His stutter had made him the butt of jokes when we were in the same class at school, when we were both aged eight. I’d done my best to defend him then.
Some things never seem to change.
“Just come down, David. Please!”
A long way below I could see people were looking up, their bodies as tiny as dolls, their faces craned skywards. I could just about hear the cacophonous sound of a car’s blaring horn, deafening as I was climbing, but steadily decreasing the higher I got.
“Look, David, you locked Sian in the car. She doesn’t know what’s going on, and she’s terrified. What if she takes the handbrake off?”
“She’ll be all right.”
“You need to get down to your daughter. Think of her.”
“W-Why else do you think I grabbed her and made a r-run for it? It should have been okay. I just wanted to take her away somewhere, anywhere. Why the hell did you have to follow me, Jack? Why couldn’t you just mind your own business for once?”
“You wouldn’t have got far.”
“But it was my only chance! Janet wouldn’t let me take Sian—that’s why I hit her—I didn’t mean to hurt her, but she fell onto the fireplace. I –t-t-t-think I killed her. So I’ll go down for sure now. Sian will get taken into care.”
And all at once I was transported back to the school changing rooms, when David’s football boots had been snatched and were being tossed from one to another above his head, all the boys taunting him, laughing at him, as he was crying and pleading, reaching out in vain to get them back. The more he cried and screamed out, the more they laughed. Until I grabbed his boots from the biggest boy and smashed my fist into his face.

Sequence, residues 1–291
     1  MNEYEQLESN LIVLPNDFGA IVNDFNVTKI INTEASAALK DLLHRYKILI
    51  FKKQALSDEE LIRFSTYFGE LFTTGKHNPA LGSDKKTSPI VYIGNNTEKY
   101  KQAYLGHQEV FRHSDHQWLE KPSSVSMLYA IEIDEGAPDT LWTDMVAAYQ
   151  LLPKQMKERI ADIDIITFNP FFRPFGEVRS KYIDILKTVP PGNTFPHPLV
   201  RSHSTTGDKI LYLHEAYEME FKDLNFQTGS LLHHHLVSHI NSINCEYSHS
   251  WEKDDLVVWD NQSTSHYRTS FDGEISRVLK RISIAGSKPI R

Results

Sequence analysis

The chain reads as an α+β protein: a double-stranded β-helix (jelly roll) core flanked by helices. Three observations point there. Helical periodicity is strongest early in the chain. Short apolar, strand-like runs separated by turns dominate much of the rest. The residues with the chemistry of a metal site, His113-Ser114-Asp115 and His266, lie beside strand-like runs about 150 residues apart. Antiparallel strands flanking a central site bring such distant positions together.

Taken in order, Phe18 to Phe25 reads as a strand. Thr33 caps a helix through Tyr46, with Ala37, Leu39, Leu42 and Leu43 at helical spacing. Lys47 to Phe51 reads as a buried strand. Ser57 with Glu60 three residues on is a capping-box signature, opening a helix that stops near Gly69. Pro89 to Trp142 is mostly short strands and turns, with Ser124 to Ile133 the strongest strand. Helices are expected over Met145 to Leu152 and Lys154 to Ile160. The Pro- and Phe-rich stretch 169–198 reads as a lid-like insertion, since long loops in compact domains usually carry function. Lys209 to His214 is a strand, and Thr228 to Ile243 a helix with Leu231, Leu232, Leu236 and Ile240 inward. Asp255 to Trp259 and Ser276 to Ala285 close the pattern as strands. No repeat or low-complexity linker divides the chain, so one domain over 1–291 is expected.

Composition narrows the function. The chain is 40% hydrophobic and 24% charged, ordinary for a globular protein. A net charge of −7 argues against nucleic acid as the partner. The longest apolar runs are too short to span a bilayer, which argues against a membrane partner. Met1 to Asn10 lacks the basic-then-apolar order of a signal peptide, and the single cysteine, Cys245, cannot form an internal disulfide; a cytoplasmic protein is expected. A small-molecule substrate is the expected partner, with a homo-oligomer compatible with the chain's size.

There was the faint honking noise of someone yelling on a tannoy, muffled irrelevant words scattered into the breeze. From up here the grand spires of Canterbury’s St Augustine’s Cathedral looked almost close enough to touch. The rest of the city of Canterbury was like a fine colourful tablecloth spread out far below us, though I was too absorbed in the hell of the moment to look. My Land Rover Discovery was slewed in front of David’s mangled Vauxhall, its front wing crumpled against my passenger door. What seemed like a lifetime ago I’d deliberately forced him to ram me. He’d leapt out of his car and climbed.
And I, like a fool, had followed him.
My legs were beginning to tremble even more, agonised muscles locking down tight. I felt myself losing my grip against the metal. Things were once again beginning to spin.
I was going to die.
But I had to move closer to him. Had to get within reach.
“Come on, David,” I shouted.
“Leave me alone, Jack! I’ve got no choice now. You know I’d never survive jail.”
The wind was whipping up, the gust smacking a blast of rain into my eyes. The slippery metal beneath my thighs was shivering again. Water ran down my face. I tried to keep my voice steady.
“You can’t do this.”
“Got no alternative. Not now.”
The wind picked up again, blowing away the words.
“There’s a way out of this—”
“—Just leave me alone, Jack! You ruined my chance of getting away.” I saw his grip loosen slightly on the metal bar. “Now—”
“—Come on, David. Come down now and let’s get it sorted.”
“I think I killed Janet. Didn’t mean to. But I had to get Sian away from her. Do you understand, Jack? Everything kind of went out of control.”
“Listen to me! I know you didn’t kill those women.”